Animals displaced by severe flooding following Tropical Storm Irene

ASPCA® (The American Society for the Prevention of Cruelty to Animals®), at the request of the Schoharie County Emergency Operations Center and New York State Office of Emergency Management, has dispatched its Field Investigations and Response team to Schoharie County, N.Y., to assist in the emergency rescue of animals displaced by the severe flooding following Tropical Storm Irene.

The ASPCA is leading the effort with assistance from the International Fund for Animal Welfare (IFAW), which will be managing water rescue operations for animals affected by the recent storm. Additionally, PetSmart Charities, Inc. is supplying much needed sheltering supplies such as crates, blankets, and bowls.

ASPCA responders arrived Tuesday evening to begin assessing needs and coordinate efforts with IFAW on emergency water rescues for pets trapped inside flooded homes. A state of emergency has been declared for Schoharie County due to extensive flooding, road closures and closed bridges around the county. Displaced animals will be taken to the Animal Shelter of Schoharie Valley where they will be triaged and temporarily housed until they are reunited with their owners.

Schoharie County residents requiring sheltering for their pets or wishing to report lost pets or rescue needs should contact Animal Services at the Schoharie County Emergency Operations Center at (518) 231-2718. The ASPCA recommends that pet owners bring vaccination records, carriers, leashes/collars, and instructions for pets with special needs.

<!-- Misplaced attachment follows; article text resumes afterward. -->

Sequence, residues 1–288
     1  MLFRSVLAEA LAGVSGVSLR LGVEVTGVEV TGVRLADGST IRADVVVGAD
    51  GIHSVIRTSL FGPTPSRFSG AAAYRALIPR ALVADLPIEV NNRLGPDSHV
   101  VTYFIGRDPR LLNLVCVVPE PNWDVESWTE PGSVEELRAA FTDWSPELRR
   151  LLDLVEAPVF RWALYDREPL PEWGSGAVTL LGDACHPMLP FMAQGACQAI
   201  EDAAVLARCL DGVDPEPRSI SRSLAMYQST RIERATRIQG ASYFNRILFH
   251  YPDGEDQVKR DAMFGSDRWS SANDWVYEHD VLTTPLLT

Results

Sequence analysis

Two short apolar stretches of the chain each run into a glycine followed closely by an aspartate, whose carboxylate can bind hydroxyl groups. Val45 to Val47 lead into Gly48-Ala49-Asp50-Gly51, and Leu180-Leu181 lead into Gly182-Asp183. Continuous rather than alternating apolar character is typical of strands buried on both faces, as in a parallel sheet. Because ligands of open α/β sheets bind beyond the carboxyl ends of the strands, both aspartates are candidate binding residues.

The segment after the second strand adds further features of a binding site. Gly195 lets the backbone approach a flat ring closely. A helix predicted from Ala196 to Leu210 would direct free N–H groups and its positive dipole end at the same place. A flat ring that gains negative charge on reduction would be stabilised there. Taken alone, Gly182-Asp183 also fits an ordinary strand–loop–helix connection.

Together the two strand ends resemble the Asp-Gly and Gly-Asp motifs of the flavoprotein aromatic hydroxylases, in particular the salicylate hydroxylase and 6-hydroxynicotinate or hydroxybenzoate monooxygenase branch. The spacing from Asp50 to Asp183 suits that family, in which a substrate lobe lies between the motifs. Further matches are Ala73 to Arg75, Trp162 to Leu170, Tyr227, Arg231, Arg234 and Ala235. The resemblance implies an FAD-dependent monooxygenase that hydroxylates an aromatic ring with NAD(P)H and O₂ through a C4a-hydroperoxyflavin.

“The ASPCA is committed to helping pet owners and animals impacted by Tropical Storm Irene,” said Tim Rickey, senior director of ASPCA Field Investigations and Response. “We will continue to do everything we can to help this community.”
Over the weekend, ASPCA responders from across the country deployed to New York City to prepare for animal emergencies in anticipation of the storm. The ASPCA helped hundreds of animals throughout the City’s five boroughs, assessing the needs at evacuation centers where pets were welcomed and delivering rabies vaccines and microchips for cats and dogs at the emergency shelters. Additionally, the ASPCA transported approximately
100 animals that had been temporarily evacuated from a Long Island shelter via its Animal Transport Trailer, a custom-built, 60-foot-long vehicle designed to save the lives of animals that fall victim to natural disasters or animal cruelty and neglect.
“The best thing you can do for yourself and your pet in the event of an emergency is to be prepared,” added Rickey. “Having a plan in place ahead of time can save you precious time and energy, so you can focus on quickly getting you and your pets to safety.” The ASPCA urges pet owners to develop an emergency plan in advance to keep their families and pets safe as hurricane season reaches its height.
For more information on disaster preparedness and safety tips from the ASPCA, please visit
About the ASPCA®

Founded in 1866, the ASPCA® (The American Society for the Prevention of Cruelty to Animals®) is the first humane organization established in the Americas and serves as the nation’s leading voice for animal welfare. One million supporters strong, the ASPCA’s mission is to provide effective means for the prevention of cruelty to animals throughout the United States. As a 501(c)(3) not-for-profit corporation, the ASPCA is a national leader in the areas of anti-cruelty, community outreach and animal health services. The ASPCA, which is headquartered in New York City, offers a wide range of programs, including a mobile clinic outreach initiative, its own humane law enforcement team, and a groundbreaking veterinary forensics team and mobile animal CSI unit. For more information, please visit
To become a fan of the ASPCA on Facebook, go to
http://www.facebook.com/aspca. To follow the ASPCA on Twitter, go to http://www.twitter.com/aspca.